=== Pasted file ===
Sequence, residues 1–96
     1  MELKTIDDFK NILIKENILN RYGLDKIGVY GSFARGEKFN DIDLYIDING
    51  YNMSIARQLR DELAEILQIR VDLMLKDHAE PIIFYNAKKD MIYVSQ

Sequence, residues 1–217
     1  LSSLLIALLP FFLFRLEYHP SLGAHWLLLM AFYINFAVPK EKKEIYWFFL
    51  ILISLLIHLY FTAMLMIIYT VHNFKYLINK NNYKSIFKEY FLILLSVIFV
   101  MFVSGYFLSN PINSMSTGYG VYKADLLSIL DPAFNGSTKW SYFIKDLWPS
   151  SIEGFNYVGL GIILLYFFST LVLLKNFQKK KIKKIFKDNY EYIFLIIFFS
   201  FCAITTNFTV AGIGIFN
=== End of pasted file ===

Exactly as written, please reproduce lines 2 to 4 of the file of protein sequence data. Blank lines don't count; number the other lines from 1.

     1  MELKTIDDFK NILIKENILN RYGLDKIGVY GSFARGEKFN DIDLYIDING
    51  YNMSIARQLR DELAEILQIR VDLMLKDHAE PIIFYNAKKD MIYVSQ

Sequence, residues 1–217